Waiting Well

 It's funny how as long as I've been in NY, I've always had a magnolia tree somewhere near me. This shot was from our yard in the cottage we lived in before buying our house 5 and a half years ago.

It's funny how as long as I've been in NY, I've always had a magnolia tree somewhere near me. This shot was from our yard in the cottage we lived in before buying our house 5 and a half years ago.

I'm internally snickering at the subject of this post. "Why?", you may ask. My answer is because my entire life, I've been the one with the least amount of patience. For real. I don't know what it is about waiting but I can't stand it--if something isn't happening in the amount of time I'd like for it to be, I just grab it and do it myself.

But God.

A few days ago I received an e-vite from my pastor's wife to attend the Kingdom Hearts women's conference this year. I attended for the first time two years ago and was completely in awe of the presence and details of God that entire day. I remember the excitement of having a girls day with a small group of ladies from my church and being a bit envious, yet hopeful when I walked into the building and saw a whole slew of vendors set up, wishing I had known about the fact that one could set up shop there. Looking back at my journal from that year, I found my notes from the day of that conference--it was held on April 23, 2016; the day before, I had written an entry describing myself sitting out back here at our house, under our pink magnolia tree watching Bo play with trucks. I wrote about how I had been so excited for that tree to blossom but was disappointed because we had gotten a cold snap (including a late snow) that killed the blooms that were to unfold, but that after sitting there under the tree and studying it a bit, amongst the dead blooms, I could see green shoots and a few traces of pink. "Even in the ugly, there were traces of beauty", I penned. I went on to say that the magnolia, in some ways, was me--that even though I had allowed the enemy or circumstances to take hold of me at times and my trust wavered, I would wither and appear to be drained of life, but when I surrendered to God and put my full faith and trust in Him, I'd begin to be and experience the beauty of what He had designed for me to be.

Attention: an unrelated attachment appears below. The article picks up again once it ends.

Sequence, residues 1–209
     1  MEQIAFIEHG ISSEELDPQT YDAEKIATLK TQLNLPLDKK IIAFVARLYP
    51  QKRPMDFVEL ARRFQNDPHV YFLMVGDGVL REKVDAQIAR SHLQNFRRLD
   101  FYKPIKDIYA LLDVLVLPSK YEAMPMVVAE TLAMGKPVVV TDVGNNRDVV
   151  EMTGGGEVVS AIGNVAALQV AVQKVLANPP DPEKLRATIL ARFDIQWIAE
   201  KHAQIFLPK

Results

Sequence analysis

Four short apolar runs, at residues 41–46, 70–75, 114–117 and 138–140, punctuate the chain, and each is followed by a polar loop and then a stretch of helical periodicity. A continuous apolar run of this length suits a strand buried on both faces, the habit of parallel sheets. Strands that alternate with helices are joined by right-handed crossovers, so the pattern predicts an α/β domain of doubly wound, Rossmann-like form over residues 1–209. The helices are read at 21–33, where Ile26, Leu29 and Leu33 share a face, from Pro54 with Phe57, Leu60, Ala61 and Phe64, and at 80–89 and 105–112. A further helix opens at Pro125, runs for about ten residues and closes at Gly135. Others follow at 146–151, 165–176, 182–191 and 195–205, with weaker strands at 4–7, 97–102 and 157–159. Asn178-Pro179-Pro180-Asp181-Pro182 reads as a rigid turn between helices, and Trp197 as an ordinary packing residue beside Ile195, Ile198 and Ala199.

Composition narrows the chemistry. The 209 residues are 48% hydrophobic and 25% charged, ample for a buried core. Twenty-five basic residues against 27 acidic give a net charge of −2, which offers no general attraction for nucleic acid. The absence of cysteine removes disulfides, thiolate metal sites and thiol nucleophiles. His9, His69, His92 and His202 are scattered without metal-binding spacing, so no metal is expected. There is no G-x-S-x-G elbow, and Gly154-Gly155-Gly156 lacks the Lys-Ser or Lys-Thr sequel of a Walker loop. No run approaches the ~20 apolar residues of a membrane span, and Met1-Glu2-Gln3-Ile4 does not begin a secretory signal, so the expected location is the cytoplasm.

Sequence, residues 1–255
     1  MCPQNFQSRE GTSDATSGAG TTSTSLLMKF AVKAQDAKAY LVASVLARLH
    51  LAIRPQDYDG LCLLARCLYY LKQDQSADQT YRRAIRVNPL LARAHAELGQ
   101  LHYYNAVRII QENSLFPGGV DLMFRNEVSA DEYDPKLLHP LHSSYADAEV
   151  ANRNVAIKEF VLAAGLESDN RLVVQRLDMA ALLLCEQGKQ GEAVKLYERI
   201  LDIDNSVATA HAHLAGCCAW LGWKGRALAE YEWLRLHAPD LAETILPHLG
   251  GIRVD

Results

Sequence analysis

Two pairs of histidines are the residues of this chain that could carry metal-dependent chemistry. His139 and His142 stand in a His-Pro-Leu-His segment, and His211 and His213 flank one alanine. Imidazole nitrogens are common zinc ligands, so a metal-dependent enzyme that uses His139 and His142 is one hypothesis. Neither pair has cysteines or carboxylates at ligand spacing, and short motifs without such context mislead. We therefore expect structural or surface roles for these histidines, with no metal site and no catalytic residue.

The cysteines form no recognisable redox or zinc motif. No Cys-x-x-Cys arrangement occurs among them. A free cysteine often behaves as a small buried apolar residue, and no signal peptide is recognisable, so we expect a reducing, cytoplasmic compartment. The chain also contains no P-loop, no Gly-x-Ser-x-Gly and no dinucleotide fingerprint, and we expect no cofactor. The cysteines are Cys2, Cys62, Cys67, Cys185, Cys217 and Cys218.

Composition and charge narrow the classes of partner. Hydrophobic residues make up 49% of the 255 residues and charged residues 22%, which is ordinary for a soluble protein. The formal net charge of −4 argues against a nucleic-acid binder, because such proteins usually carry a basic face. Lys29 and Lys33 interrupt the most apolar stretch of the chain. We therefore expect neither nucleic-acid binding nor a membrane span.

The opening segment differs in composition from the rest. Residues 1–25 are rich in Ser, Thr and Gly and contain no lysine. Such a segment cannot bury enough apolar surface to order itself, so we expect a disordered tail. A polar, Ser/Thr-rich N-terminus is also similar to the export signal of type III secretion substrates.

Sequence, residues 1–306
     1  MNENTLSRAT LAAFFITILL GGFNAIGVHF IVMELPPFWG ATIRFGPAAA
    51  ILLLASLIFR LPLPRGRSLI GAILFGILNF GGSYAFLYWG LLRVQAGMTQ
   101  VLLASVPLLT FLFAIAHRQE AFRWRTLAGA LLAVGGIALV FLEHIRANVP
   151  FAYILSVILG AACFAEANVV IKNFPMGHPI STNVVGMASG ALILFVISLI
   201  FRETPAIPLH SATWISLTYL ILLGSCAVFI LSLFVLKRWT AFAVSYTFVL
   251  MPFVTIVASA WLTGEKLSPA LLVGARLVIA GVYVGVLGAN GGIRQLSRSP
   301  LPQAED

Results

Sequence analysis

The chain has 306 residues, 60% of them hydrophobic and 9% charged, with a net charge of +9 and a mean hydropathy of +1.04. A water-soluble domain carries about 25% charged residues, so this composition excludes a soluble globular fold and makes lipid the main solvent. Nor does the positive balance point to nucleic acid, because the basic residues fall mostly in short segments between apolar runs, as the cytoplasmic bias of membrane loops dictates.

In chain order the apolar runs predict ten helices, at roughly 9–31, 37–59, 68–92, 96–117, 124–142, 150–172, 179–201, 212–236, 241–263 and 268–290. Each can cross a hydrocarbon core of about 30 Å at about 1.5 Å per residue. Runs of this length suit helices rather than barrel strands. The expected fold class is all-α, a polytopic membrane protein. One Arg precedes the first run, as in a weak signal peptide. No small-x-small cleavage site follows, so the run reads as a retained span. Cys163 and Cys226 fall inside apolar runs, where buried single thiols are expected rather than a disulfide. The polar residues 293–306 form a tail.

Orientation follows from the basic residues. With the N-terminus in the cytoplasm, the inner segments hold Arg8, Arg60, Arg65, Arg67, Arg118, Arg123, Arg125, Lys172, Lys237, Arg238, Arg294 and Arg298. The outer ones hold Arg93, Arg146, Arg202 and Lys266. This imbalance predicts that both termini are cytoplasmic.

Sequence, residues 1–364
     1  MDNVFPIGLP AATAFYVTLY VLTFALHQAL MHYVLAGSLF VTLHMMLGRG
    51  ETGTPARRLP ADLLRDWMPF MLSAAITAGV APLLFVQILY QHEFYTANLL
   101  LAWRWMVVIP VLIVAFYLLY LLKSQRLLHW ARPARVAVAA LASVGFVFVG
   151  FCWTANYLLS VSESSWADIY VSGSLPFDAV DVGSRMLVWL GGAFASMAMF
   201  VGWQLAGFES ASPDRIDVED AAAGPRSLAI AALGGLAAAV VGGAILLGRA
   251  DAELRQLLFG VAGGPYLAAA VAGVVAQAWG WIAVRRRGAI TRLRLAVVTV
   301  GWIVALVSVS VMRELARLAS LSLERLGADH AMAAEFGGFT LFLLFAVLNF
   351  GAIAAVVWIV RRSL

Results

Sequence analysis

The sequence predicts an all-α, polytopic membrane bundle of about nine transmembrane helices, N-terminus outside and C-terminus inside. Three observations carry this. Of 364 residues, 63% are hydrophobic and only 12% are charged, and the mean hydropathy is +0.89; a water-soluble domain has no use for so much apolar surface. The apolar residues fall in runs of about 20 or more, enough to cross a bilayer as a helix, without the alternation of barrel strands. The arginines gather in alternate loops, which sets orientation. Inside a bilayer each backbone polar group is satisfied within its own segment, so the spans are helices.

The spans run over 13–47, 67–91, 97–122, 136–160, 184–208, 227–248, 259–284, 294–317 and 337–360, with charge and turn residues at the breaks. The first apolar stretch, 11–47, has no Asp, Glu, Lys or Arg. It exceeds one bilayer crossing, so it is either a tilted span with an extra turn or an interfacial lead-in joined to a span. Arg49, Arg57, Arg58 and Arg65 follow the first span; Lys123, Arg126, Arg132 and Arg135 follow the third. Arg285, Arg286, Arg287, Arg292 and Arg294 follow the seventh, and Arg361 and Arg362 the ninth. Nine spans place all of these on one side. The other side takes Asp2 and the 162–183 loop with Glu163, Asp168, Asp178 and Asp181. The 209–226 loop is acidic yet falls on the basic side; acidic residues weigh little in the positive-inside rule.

Back to the day of the KH conference, I walked into the main hall and there, set up as a prop were two wooden pallets that had been handpainted on with the scripture: Jeremiah 17:7-8, which reads, "Blessed is the man who trusts in the Lord, and whose hope is in the Lord. For he shall be a tree planted by the waters, which spreads out its roots by the river, and will not fear when heat comes, but its leaves will be green, and will not be anxious in the year of drought nor cease from yielding fruit." The keynote speaker that day was Francie Winslow who spoke on trusting God as well as the condition of our hearts. This morning I sat down with that old journal and looked up the scriptures from that day. I also looked at the sermon notes from the next day at church--my good friend's (now) late mother had given that sermon on Elijah and how God will always provide when he sends us on a mission, how He takes the ordinary and makes it extraordinary, how He answers prayers even when we're still speaking, how we are to believe that He will provide and answer prayers, that God orchestrates everything according to His plan, how if we're faithful in little things, He'll give us bigger things, and that He's able to do anything, even what seems to be impossible. Then, I continued to read journal entries from that week which led to sermon notes of the following Sunday which was a sermon by mine and Rob's good friend, Mike who spoke on the subject of "seasons". Something that he said that stood out most to me was, "We need some seasons in our lives where we are drawn to our knees so we reach out to Him, and what follows a desperate season is a season of fruitfulness." WOW. Mind blown. I had no idea that the season that I was stepping into was a dry, drought-filled, wandering, silent, at-times-dark season. I thought I had God figured out, and that Rob, Bo and I were to purchase that old farm house on 34 acres and relocate to Alabama (if you missed it, that story is here) that following year only to have the wind knocked out of my sails just four months later when the deal fell through. I also had no idea that almost a year to the day of that conference, even in my dry season where, though I knew God and was trusting Him on blind faith but not waiting very well, I would be blessed with a daughter, even though I was so apathetic and complacent.